A review of the Chevrolet Aveo that covers pros and cons, available options, powertrains and overall driving performance.
On paper, the 2011 Chevrolet Aveo looks as if it could be a front runner in the subcompact economy car segment. Cheap price? Check. High fuel economy? Got that. Respectable handling. Yep. The problem (for the Aveo) is that even in this bargain-basement class of vehicles, there are still better choices.
The Aveo does have its share of attractive qualities that include OnStar (with six months of free access to the Directions and Connections plan) and available upscale features such as Bluetooth connectivity and a sunroof. Chevy also gives you a few ways to spiff up this little car with vibrant color choices and available faux carbon-fiber interior accents.
But those perks aren't enough to offset the Aveo's bland styling and middling performance. Granted, folks don't expect blazing acceleration in this class, but rivals such as the 2011 Ford Fiesta and 2011 Kia Soul offer more pep. Part of the reason is that they have better-performing manual gearboxes as the Aveo's is geared rather tall, blunting performance in highway merging and passing maneuvers.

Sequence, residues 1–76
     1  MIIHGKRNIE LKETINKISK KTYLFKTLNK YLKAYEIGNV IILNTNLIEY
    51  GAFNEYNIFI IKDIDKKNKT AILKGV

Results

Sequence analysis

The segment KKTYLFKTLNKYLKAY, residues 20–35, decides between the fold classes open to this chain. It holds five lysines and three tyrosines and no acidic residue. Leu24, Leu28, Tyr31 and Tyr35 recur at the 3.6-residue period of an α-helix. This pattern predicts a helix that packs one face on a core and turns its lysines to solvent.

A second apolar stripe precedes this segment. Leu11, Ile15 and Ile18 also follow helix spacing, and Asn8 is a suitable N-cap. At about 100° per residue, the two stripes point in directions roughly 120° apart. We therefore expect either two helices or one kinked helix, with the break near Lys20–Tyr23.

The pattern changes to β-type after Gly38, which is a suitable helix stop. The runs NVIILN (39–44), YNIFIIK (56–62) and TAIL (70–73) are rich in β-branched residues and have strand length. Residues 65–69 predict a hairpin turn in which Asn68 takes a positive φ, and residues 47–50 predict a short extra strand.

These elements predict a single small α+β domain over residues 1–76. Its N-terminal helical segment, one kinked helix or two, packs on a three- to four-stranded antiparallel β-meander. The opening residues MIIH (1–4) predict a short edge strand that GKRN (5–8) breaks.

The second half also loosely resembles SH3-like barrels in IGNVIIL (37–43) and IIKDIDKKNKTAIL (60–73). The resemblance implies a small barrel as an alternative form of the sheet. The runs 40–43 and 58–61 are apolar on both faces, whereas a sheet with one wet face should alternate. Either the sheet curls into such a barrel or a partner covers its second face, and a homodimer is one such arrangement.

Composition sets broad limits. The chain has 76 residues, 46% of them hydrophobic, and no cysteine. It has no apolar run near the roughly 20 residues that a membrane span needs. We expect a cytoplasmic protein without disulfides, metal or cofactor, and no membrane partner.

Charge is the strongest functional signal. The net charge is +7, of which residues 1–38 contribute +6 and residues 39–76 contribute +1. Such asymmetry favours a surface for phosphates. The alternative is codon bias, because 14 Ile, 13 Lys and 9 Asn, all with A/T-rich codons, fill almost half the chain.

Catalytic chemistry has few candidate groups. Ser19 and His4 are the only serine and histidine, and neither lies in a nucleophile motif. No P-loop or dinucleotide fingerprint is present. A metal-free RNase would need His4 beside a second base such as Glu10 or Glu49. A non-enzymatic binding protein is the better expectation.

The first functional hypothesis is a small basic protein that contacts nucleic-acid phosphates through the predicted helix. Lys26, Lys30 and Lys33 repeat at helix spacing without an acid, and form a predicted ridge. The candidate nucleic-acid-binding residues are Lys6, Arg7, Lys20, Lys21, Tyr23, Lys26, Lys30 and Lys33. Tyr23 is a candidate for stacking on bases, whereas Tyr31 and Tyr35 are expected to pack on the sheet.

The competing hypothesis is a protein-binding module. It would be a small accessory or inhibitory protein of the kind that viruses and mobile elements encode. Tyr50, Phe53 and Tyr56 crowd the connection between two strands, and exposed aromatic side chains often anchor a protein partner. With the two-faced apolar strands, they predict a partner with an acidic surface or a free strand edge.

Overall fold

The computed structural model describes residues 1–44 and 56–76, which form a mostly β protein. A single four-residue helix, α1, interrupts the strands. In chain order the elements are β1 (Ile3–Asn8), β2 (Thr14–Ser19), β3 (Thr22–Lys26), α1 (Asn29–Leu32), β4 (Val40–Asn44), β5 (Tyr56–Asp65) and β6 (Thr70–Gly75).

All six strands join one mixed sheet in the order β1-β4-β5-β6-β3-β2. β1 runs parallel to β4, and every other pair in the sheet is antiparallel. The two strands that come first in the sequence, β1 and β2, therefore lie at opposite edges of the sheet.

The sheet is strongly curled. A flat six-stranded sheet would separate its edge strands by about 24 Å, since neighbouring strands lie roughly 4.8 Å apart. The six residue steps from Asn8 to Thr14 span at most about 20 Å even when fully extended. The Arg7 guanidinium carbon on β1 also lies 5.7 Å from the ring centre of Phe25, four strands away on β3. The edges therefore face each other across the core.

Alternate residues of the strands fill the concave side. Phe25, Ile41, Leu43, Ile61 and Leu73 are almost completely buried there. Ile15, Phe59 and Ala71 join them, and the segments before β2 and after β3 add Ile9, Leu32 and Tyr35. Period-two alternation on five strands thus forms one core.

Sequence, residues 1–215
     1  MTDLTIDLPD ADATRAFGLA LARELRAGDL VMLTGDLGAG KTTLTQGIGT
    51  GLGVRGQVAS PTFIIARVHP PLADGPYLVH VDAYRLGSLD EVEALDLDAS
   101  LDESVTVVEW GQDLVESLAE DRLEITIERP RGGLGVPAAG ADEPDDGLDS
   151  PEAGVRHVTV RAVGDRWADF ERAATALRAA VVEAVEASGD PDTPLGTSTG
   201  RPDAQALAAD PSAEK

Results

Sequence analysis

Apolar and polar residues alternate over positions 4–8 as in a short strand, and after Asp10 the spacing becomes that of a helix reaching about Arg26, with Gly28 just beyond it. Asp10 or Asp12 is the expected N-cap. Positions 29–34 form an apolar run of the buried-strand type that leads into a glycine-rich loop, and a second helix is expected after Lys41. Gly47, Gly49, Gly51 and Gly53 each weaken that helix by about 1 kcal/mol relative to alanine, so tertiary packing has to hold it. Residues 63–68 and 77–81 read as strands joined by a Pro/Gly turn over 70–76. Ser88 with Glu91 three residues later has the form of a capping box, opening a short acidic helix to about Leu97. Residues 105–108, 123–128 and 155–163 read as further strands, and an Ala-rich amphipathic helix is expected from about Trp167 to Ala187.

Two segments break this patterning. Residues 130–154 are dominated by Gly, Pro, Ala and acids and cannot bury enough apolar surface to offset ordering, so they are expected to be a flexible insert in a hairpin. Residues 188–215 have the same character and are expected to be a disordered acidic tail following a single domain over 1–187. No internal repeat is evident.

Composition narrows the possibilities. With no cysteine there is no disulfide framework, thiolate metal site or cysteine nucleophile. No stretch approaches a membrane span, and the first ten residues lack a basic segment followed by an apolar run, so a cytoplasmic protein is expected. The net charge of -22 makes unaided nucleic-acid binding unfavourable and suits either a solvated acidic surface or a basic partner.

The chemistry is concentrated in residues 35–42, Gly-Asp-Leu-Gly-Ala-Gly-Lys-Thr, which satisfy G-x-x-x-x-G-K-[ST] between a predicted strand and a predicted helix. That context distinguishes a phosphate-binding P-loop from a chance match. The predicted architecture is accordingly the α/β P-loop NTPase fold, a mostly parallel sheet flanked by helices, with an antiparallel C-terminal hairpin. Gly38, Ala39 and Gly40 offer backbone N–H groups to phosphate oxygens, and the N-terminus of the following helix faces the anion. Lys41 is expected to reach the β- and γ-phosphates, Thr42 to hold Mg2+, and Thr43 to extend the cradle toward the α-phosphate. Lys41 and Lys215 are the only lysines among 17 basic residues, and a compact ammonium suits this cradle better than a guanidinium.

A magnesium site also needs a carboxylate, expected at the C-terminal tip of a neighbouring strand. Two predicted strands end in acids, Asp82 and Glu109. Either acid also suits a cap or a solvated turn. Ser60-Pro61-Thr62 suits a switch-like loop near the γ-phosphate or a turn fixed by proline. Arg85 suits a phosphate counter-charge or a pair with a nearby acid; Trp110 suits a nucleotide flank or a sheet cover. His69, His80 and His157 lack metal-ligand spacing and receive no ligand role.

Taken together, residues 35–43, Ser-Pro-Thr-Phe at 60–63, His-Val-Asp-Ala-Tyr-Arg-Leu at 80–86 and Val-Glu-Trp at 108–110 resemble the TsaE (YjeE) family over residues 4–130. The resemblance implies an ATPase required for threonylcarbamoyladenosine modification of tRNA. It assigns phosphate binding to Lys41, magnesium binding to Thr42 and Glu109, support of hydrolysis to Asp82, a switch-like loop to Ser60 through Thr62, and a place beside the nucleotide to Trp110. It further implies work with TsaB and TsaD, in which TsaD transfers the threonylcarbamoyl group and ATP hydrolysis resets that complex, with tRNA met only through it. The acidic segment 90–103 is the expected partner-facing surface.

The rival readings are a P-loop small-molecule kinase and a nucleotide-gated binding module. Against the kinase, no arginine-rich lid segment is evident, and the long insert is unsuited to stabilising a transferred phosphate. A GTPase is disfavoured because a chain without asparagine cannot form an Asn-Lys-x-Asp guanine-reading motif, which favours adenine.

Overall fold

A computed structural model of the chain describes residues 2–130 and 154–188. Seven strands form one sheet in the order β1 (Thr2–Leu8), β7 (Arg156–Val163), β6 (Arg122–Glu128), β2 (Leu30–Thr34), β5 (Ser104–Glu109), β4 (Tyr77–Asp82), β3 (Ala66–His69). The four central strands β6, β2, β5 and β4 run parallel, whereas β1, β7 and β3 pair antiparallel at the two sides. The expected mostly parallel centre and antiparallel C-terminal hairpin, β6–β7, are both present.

Going tire-to-tire against its competitors, the 2011 Chevrolet Aveo comes up short in nearly every category. The 2011 Honda Fit, 2011 Nissan Versa and 2011 Suzuki SX4 are more enjoyable to drive, have nicer interiors and, in some cases, provide considerably more cargo capacity. Before going with an Aveo, we highly suggest cross-shopping it with the others or even lightly used versions if a low purchase price is of the utmost importance. You might also want to wait a little, as Chevy will be redesigning the 2012 Aveo to be a much more enticing choice.